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Here wondrous tidings met us, that the son
of Priam, Helenus, held kingly sway
o'er many Argive cities, having wed
the Queen of Pyrrhus, great Achilles' son,
and gained his throne; and that Andromache
once more was wife unto a kindred lord.
Amazement held me; all my bosom burned
to see the hero's face and hear this tale
of strange vicissitude. So up I climbed,
leaving the haven, fleet, and friendly shore.
That self-same hour outside the city walls,
within a grove where flowed the mimic stream
of a new Simois, Andromache,
with offerings to the dead, and gifts of woe,
poured forth libation, and invoked the shade
of Hector, at a tomb which her fond grief
had consecrated to perpetual tears,
though void; a mound of fair green turf it stood,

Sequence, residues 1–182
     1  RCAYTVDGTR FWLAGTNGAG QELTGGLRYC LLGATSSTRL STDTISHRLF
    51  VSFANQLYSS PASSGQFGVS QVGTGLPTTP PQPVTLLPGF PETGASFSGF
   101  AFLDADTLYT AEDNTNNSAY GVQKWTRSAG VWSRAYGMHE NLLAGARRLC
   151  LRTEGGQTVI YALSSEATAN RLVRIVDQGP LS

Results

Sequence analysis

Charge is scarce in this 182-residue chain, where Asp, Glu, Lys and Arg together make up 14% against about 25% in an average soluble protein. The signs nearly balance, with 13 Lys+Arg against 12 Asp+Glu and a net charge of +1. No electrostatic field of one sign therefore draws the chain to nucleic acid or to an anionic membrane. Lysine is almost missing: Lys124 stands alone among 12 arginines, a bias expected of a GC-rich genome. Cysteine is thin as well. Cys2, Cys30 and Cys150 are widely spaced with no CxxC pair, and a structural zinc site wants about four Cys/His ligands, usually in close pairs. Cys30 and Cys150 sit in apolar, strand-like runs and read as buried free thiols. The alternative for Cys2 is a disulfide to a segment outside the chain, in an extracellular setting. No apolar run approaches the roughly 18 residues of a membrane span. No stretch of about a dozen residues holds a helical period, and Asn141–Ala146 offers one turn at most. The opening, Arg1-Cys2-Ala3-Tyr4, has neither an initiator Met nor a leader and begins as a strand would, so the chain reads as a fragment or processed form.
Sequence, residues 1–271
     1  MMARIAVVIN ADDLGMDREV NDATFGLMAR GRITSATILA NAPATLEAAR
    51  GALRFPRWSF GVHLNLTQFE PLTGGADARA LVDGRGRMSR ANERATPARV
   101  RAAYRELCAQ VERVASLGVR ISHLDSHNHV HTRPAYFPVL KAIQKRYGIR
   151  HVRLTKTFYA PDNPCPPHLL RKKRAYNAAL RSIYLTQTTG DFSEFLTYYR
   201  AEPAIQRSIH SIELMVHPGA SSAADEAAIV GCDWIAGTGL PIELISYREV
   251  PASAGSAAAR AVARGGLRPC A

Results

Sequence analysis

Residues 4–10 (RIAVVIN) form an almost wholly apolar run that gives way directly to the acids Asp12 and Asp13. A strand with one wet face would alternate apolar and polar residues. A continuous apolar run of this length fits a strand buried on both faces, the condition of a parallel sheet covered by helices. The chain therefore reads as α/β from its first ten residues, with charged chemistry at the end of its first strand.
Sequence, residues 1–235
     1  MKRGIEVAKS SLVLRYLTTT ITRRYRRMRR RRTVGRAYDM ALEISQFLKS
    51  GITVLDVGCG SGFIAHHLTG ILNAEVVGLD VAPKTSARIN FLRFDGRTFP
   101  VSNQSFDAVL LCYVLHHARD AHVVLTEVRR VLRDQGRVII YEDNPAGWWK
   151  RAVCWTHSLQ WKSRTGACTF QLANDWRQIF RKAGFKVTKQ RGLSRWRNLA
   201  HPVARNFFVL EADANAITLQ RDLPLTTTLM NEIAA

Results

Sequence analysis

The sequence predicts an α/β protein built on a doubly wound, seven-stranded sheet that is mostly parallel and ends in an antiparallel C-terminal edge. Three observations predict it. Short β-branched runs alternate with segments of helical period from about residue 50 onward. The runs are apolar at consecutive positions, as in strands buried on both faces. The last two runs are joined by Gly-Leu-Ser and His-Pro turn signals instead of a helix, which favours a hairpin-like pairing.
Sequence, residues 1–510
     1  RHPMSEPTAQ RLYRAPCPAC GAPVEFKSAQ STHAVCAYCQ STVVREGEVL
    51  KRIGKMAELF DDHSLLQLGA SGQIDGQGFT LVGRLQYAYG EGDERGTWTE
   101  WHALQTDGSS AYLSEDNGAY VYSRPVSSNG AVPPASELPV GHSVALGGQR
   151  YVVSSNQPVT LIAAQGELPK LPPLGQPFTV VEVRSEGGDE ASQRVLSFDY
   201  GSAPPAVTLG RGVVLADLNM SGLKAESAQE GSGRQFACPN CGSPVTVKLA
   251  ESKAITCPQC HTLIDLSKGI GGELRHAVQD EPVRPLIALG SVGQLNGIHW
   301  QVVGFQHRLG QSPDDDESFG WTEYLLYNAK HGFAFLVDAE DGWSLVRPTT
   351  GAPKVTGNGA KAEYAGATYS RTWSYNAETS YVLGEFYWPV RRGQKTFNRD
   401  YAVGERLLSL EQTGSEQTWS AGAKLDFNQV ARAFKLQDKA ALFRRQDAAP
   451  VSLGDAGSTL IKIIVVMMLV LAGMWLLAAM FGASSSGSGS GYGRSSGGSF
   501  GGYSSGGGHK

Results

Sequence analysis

and near it rose twin altars to his name.
She saw me drawing near; our Trojan helms
met her bewildered eyes, and, terror-struck
at the portentous sight, she swooning fell
and lay cold, rigid, lifeless, till at last,
scarce finding voice, her lips addressed me thus :
“Have I true vision? Bringest thou the word
Of truth, O goddess-born? Art still in flesh?
Or if sweet light be fled, my Hector, where?”
With flood of tears she spoke, and all the grove
reechoed to her cry. Scarce could I frame
brief answer to her passion, but replied
with broken voice and accents faltering:
“I live, 't is true. I lengthen out my days
through many a desperate strait. But O, believe
that what thine eyes behold is vision true.
Alas! what lot is thine, that wert unthroned
from such a husband's side? What after-fate
could give thee honor due? Andromache,
once Hector's wife, is Pyrrhus still thy lord?”

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